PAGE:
Shahara Wright : No, I when I was in law school, when I went to law school, I initially thought I was going to do criminal law that was in my head, I thought I was going to be a prosecutor. And and when you’re in law school, you have like the series of required courses that you have to take in your first year. And then your second year, you have some in your third year, you have a few few lessons, you can do more electives. But in my second year, I took a course called business entities and I honestly just fell in love with with it, you know, the teacher was cool, but I really just liked the nuance of business, the nuance of all the different things that we you know, we’re learning about, and I didn’t feel that way when I took criminal law my first year. So I really enjoyed it. And I just said to myself, this is really what I want to do. So I thought, when I came out of law school, that I would be working for a corporation, I wanted to go in house at a large corporation. And I applied to every possible job there was and could not get a job, just couldn’t even get my toe in the door, much less a foot. And so I really had the option, I think I worked for a family law attorney, which I knew I didn’t want to do family law did that for nine months, I was terrible at it. And I hated it. I went back to work for my mentor that I told you guys about just a moment ago, worked for him for a little while he’s a general practitioner did a bunch of different things. But I just knew that, you know, business was for me. And so I started my own practice. And, you know, that’s where I’m still doing.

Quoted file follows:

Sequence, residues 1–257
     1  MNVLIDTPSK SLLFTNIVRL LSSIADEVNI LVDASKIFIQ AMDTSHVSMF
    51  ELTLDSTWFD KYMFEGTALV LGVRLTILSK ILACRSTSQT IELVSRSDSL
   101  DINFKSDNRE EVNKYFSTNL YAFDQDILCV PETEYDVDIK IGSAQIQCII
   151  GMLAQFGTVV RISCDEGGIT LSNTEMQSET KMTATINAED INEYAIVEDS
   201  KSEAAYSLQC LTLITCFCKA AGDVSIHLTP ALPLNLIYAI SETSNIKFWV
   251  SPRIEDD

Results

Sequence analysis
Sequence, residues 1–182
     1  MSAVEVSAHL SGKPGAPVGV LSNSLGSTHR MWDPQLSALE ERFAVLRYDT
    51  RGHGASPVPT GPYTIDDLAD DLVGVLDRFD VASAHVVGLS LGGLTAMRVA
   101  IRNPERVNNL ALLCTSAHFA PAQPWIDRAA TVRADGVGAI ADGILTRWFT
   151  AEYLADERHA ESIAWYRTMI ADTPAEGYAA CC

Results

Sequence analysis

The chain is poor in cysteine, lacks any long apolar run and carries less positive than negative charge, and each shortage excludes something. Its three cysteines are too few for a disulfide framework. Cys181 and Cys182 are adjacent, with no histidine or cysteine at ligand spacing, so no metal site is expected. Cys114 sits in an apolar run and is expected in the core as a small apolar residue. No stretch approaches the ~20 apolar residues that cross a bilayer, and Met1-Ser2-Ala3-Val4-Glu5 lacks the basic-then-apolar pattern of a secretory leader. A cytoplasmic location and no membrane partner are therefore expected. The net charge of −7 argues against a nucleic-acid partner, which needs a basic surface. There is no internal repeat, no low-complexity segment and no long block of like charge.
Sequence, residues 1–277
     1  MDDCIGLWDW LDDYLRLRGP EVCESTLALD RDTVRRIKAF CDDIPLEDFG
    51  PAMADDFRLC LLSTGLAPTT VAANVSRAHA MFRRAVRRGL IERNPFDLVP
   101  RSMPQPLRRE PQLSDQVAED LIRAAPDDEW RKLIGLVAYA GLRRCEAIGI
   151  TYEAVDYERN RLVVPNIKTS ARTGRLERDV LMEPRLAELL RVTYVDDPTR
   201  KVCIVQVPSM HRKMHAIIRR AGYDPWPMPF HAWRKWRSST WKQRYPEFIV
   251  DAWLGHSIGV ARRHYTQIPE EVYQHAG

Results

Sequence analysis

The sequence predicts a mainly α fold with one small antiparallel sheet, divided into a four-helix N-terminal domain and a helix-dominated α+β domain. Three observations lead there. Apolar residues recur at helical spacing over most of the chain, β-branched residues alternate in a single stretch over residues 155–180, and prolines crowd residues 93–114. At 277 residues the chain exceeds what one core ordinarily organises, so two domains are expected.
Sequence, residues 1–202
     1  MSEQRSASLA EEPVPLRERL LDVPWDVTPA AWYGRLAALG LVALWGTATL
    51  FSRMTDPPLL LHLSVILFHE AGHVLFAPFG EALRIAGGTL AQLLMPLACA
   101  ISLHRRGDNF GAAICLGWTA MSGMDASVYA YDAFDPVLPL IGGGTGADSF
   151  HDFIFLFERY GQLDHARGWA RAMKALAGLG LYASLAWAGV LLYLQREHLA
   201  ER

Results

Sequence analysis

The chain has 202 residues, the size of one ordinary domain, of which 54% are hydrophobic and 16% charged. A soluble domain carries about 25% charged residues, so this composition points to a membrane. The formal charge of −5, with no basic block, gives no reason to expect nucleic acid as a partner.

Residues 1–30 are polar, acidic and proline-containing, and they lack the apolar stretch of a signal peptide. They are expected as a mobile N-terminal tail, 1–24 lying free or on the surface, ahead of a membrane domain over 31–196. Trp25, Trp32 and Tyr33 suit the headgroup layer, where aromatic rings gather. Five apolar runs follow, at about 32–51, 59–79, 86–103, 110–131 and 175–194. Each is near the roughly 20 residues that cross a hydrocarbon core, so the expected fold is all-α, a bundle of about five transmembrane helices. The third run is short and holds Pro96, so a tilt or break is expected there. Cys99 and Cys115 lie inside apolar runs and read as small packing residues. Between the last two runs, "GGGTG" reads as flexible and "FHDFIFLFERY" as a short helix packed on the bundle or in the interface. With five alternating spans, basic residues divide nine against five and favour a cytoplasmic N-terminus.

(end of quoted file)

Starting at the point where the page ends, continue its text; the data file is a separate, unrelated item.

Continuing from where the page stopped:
Roberto Candelaria : And, you know, I think that like, you know, we’re going to talk about, like I said, at the beginning, like, you know, contracts and agreements, and what’s important, you know, to small businesses, but you said something that I think it’s equally as important to touch on here is that, you know, 20 years ago, coming out of law school that you know, as a woman, as a black woman, you were applying to all these major law firms to major corporations, you just like, they’re like, Nah, like, like, like human coming in here. And so, you know, as a black woman 20 years ago to be like, I’m gonna pave my own way. Like that type of leadership 20 years ago, like, that was really unheard of at the time.

Shahara Wright : Yeah, but I didn’t if you would have asked me, then it wouldn’t have been leadership, that would have been the word I used. Because it wasn’t that for me, you know, it was back then it was it’s I gotta eat. Yes, it was survival. Yes. And so that was what was on my mind. I, you know, I was raised in a single parent household, and I think my mom, you know, work and hustled to make sure that she, you know, made ends meet and did what she had to do. And so that was to me was like, Well, hell, I got my license, you know, I can, I can practice. I passed the bar. So then, you know, there’s nothing stopping me from going out there and earning a living that really was just the thought that I had at the moment.